Abstract: To further investigate the role of conspirational beliefs on health-related behaviors during a health pandemic such as COVID-19, we conducted an online survey among U.S. adults (N = 798) […]Read More
Abstract: Based on a COVID-19 pandemic communication survey (N = 3,124) in Australia, Finland, Italy, South Korea, Sweden, and the United States, our study examined how trust in government sources […]Read More
Abstract: Organizations need to respond to sticky crises with speed and timeliness; this speed depends onhow communication practitioners assess threats and their organizations’ resources for the threats. Based on theoretical […]Read More
Abstract: Crises have been examined from the perspective of the crisis origin organization. Depending on the crisis type, other organizations might experience impacts because of the initial crisis. This emerging […]Read More
Abstract: Using an online survey of a representative U.S. adult sample, this study revealed how publics perceived COVID-19 risk and credibility of information channels differently, which further predicted intention to […]Read More
Abstract: To close existing research gap and combat vaccine hesitancy among young adults, we conduct this study to integrate psychological reactance theory to better understand the effectiveness of three emerging […]Read More
Abstract: This study examined how individuals’ emotional and cognitive responses to different shades of truth embedded in health crisis (mis)information (i.e., full falsity vs. partial falsity vs. full truth) might […]Read More
Abstract: The COVID-19 pandemic has brought several challenges to businesses and societies. In response, many corporations have supported local communities and authorities in the management of the pandemic. Although these […]Read More
Book Description: The purpose of this book is to provide insights into effective and ethical management of “sticky crises” (i.e., industry-wide crisis issues that are complex and challenging, with and […]Read More
Abstract: To further the understanding of how communication executives make tough calls in times of organizational-public conflict, we use a conjoint analysis to identify key drivers for organizational stance decision-making. […]Read More
Yan Jin (PI), Shelley Spector (Co-PI), and Taylor Voges (PhD Candidate, Co-PI). “The Power of Myth and Truth: Uncovering the History and Growing Role of Native Americans in Public Relations.” The Arthur W. Page Center […]Read More
Santosh Vijaykumar, Daniel Rogerson, Yan Jin, and Mariella Silva de Oliveira Costa. (forthcoming). “Dynamics of Feedback Behaviours to Social Peers Sharing COVID-19 Misinformation on WhatsApp in Brazil.” Abstract: Online COVID-19 misinformation is […]Read More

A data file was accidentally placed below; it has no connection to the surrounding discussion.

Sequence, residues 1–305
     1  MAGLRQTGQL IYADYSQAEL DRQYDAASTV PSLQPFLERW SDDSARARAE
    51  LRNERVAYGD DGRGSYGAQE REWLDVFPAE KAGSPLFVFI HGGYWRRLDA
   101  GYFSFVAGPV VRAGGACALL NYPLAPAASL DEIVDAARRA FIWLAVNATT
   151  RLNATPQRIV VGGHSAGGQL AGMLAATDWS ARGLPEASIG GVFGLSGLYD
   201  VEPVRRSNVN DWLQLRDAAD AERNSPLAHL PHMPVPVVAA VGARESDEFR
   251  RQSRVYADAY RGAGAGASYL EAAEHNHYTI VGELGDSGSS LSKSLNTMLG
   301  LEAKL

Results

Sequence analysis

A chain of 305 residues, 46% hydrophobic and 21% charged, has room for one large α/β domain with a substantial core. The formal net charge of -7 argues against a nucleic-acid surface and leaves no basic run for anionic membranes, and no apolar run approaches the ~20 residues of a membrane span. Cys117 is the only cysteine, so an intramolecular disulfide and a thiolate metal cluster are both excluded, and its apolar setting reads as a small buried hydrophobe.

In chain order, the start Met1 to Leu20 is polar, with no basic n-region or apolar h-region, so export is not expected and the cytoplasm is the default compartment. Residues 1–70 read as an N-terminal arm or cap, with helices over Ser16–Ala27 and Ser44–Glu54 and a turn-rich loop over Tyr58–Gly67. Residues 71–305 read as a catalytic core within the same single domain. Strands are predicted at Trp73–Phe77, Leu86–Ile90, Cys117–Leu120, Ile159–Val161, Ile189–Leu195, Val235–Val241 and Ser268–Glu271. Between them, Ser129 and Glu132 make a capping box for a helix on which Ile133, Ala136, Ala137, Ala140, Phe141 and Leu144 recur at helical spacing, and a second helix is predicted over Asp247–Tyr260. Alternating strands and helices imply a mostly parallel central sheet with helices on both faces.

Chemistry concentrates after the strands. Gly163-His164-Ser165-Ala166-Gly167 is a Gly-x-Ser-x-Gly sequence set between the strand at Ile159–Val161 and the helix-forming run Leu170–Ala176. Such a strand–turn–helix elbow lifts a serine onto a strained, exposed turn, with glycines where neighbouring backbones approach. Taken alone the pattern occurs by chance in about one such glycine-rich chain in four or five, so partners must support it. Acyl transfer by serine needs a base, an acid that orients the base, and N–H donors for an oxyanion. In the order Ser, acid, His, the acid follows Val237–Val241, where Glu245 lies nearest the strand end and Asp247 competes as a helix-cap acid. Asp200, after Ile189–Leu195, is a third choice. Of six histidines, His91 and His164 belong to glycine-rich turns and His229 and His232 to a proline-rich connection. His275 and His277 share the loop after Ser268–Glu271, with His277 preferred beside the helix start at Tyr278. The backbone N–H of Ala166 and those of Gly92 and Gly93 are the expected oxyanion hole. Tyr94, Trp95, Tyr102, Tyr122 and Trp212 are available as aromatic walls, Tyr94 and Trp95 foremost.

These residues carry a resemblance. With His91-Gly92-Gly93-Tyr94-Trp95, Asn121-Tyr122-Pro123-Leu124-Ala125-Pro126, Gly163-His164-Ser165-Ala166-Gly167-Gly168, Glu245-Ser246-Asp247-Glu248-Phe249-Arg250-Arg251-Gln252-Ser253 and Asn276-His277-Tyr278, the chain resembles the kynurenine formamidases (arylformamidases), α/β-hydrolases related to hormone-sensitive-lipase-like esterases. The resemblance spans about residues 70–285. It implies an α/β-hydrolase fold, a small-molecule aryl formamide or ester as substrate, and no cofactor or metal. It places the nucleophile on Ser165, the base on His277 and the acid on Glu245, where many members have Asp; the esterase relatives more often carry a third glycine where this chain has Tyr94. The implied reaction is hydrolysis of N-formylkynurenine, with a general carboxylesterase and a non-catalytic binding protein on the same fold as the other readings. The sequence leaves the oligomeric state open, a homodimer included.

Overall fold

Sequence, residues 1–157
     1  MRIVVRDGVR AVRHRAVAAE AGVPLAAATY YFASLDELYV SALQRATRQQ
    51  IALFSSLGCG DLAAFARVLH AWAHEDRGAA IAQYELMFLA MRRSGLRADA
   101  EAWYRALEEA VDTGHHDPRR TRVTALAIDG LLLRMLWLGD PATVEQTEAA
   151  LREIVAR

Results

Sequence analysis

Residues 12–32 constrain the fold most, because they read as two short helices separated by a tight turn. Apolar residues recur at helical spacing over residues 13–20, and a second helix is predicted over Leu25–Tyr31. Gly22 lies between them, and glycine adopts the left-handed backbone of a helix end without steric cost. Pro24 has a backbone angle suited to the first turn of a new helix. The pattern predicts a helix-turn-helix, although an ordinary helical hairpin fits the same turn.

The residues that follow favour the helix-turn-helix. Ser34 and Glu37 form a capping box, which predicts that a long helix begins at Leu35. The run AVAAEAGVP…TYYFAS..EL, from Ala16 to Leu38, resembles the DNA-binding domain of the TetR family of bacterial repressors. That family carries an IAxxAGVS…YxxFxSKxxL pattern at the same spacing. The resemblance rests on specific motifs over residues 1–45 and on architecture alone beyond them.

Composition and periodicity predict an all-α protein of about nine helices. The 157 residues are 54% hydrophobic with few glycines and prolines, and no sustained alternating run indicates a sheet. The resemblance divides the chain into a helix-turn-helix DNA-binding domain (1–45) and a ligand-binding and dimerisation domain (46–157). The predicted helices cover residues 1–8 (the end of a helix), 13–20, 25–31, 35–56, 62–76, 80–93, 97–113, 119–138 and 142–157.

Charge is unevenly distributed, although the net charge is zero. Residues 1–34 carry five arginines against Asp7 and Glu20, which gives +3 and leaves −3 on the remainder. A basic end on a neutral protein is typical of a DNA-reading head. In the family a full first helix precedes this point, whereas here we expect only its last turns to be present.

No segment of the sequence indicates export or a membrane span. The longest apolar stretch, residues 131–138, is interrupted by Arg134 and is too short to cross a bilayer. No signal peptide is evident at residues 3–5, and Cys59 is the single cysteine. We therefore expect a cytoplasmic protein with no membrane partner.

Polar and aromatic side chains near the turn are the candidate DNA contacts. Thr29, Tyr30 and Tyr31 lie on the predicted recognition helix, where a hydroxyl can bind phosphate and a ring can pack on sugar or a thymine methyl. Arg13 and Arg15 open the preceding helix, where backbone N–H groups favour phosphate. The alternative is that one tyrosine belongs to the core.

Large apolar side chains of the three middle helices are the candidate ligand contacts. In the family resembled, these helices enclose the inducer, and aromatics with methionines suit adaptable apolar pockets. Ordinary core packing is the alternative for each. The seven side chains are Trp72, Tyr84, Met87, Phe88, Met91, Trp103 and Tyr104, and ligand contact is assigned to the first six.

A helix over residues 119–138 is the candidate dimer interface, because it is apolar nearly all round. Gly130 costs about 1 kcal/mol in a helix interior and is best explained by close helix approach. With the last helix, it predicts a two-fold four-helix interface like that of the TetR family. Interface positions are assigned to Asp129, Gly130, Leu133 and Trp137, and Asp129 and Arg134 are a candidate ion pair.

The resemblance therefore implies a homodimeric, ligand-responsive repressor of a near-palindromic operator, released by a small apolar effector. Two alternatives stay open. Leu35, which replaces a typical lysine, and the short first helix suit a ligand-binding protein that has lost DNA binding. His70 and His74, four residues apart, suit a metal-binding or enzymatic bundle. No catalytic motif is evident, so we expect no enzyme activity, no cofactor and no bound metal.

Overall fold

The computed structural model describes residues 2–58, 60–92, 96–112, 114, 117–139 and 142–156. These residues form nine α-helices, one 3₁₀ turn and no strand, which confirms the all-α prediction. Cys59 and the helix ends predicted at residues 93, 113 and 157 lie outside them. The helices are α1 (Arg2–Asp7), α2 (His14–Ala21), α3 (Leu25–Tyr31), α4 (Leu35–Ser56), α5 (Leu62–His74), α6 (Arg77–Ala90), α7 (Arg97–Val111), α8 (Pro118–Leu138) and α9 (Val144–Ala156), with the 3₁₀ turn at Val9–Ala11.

Funding Source: U.S. Food & Drug Administration via a Broad Agency Announcement (BAA) Total Amount: $224,478.00 Project period: 09/30/2021 to 06/29/2024 Project Summary: We propose a multi-phase research project that […]Read More
Abstract: Crises present organizations with the “rhetorical exigency” to enact control (Heath, 2004, p.167). Silence is not an option. This study, as the first empirical examination of Le et al. (2019)’s seminal study […]Read More
Abstract: The study utilizes semi-structured interviews of health risk communication practitioners in the backdrop of the COVID-19 pandemic. The contingency theory of strategic conflict management is the guide to understanding […]Read More
Aarum Youn-Heil (Grady PhD student) and Yan Jin. Abstract: This study proposes a new conceptual model for understanding interracial communication apprehension (IRCA), delineating how people of color use various communication practices (Orbe, […]Read More
Abstract: How individuals experience unintended effects of risk messages is an understudied area. Focusing on three types of unintended effects (i.e., message fatigue, risk tolerance, and psychological reactance) associated with […]Read More
Abstract: Although uncertainty has been identified as a key crisis characteristic and a multi-faceted construct essential to effective crisis management research and practice, only a few studies examined publics’ perceived […]Read More
Abstract: While risk perception has been the subject of many sport tourism studies, much remains to be linked with risk information seeking, travel-related response, and behavior in the sport tourism […]Read More
Abstract: Effective response strategies and narratives are crucial for organizations to manage crisis situations. Grounded in SCCT (Coombs, 2007) and narratives of crisis (Seeger & Sellnow, 2016), this study aims […]Read More
Abstract: One of the understudied topics in risk communication is why individuals do not follow or are resistant to recommended behaviors that optimize personal health outcomes. To understand the dimensionality […]Read More
Abstract: Uncertainty is one of the key characteristics of an organizational crisis that needs to be addressed in an organization’s crisis responses. Although a large body of uncertainty research has […]Read More